40 Years of Fear and Loathing

Forty years ago this election cycle, Hunter S. Thompson was embedded with the George McGovern campaign, reporting for Rolling Stone on McGovern’s effort to unseat the incumbent Richard Nixon in the 1972 presidential election. Thompson’s writings on the campaign and its aftermath were compiled into the book Fear and Loathing: On the Campaign Trail ’72. I know that 40 years ago is ancient history these days, but for my money this book is utterly indispensable reading for anyone with the faintest interest in how politics works in this country.

Because here’s the thing: Even today, all roads lead to Nixon.

“I’d like a haircut when I grow up. And also, to undermine democracy.”

Hunter Thompson HATED Richard Nixon, and — let’s be honest — he had very good reasons to. Nixon’s personal insecurities led him to undermine the mechanism of American democracy and exploit the traditional relationship between the press, politicians, and the public in ways that have reverberated through the decades and have now become business-as-usual. Interestingly, the Watergate break-in happened during the 1972 campaign. It receives a fleeting mention in Thompson’s book, and in hindsight the vitriol Thompson directs at Nixon seems shockingly prescient. But it wasn’t until long after this book’s release that the significance of the Watergate break-in became known, and that lends a sort of “present at the creation”  feel to this glimpse of, essentially, the moment immediately before America lost all its faith in its leaders.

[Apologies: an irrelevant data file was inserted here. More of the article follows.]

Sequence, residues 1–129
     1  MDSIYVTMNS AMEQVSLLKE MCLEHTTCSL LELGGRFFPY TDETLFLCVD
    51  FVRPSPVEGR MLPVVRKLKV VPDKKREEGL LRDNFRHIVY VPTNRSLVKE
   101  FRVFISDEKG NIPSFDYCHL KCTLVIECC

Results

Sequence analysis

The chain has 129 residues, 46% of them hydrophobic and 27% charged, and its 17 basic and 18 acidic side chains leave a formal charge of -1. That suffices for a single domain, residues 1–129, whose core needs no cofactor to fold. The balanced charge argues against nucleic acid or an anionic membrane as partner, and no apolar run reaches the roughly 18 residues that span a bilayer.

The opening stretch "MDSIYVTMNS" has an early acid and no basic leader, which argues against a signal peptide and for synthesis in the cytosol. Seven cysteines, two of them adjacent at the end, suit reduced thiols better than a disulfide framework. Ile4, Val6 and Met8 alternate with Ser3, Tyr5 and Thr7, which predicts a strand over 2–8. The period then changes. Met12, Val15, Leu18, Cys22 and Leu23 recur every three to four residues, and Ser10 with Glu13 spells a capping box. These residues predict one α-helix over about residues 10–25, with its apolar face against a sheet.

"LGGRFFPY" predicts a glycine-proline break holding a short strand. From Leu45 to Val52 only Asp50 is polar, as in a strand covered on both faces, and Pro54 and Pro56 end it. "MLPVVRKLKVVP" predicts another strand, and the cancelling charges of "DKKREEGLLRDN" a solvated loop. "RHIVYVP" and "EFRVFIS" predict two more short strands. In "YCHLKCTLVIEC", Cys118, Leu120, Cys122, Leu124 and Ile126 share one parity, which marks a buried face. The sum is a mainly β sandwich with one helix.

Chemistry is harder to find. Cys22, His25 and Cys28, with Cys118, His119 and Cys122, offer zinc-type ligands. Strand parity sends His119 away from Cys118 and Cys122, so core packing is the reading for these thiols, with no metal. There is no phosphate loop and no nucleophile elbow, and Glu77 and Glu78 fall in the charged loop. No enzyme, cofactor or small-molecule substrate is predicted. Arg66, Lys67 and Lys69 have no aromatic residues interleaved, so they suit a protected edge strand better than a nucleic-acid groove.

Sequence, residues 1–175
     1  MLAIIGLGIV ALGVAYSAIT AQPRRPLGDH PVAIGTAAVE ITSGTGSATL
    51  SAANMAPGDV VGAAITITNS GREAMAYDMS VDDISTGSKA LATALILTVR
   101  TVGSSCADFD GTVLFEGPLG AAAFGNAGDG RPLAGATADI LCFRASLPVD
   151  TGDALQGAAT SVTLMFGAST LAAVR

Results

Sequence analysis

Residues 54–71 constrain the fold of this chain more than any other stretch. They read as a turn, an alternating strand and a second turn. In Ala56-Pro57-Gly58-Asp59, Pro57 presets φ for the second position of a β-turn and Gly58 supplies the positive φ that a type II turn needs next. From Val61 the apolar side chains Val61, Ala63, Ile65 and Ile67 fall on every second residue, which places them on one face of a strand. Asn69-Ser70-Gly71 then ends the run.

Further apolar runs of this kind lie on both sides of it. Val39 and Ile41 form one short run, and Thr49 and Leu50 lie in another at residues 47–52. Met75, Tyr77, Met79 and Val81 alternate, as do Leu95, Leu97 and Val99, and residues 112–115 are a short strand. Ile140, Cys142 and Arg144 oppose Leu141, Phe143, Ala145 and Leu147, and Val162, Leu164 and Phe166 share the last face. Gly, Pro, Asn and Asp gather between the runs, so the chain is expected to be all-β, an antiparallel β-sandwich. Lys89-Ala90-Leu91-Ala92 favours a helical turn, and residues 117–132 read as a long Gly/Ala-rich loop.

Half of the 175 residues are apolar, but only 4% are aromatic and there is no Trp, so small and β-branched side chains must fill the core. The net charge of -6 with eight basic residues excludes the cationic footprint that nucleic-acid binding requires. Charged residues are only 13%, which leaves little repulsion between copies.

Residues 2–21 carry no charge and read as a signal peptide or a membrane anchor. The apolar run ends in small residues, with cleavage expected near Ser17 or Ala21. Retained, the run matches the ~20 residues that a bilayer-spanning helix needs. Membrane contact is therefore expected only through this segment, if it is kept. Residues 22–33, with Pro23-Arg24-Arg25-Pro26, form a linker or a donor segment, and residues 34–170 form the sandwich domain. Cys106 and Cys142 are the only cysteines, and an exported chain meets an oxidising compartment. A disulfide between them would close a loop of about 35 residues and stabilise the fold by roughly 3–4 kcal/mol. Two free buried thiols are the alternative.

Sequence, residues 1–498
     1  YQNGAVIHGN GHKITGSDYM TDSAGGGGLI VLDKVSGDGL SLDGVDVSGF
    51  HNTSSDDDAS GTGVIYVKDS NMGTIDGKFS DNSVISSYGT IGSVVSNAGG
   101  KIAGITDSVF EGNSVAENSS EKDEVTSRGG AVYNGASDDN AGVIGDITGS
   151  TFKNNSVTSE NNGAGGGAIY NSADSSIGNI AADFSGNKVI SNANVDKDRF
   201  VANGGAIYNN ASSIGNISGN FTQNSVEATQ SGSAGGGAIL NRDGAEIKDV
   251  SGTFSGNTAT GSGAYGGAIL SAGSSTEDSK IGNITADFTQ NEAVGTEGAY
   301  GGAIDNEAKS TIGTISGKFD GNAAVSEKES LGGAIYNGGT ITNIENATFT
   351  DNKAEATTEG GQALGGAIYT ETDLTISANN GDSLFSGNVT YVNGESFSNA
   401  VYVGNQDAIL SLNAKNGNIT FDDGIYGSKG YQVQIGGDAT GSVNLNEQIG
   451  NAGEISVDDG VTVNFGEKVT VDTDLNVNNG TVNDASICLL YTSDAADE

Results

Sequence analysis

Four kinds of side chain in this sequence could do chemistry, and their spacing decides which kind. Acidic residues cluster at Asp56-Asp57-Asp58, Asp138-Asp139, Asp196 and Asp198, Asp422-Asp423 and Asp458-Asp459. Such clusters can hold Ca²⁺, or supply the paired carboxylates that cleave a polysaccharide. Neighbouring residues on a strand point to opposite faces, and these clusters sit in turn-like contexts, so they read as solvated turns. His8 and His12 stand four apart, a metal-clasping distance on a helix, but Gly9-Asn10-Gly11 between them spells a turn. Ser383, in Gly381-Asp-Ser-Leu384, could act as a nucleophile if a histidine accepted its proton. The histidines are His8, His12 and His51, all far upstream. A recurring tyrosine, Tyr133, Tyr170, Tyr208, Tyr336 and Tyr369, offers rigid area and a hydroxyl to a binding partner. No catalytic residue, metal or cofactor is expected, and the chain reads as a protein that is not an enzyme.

Everyone who was born after Watergate (like me) has always lived in a world where we expect our politicians to lie knowingly to us. We ask them to, and they winkingly oblige, because we all know that politics is dirty business, and we have to vote for somebody. Politics were dirty before Nixon, but we’ve now reached the inevitable end of the road Nixon paved, where “a major party’s nominee for national office apparently just doesn’t care that he is standing in front of millions and telling easily catchable lies.” 
What we’ve lost, and really only had for a fleeting instant in Hunter Thompson, is a popular voice that can be morally outraged without lying constantly about why. And we are all the worse because of it.
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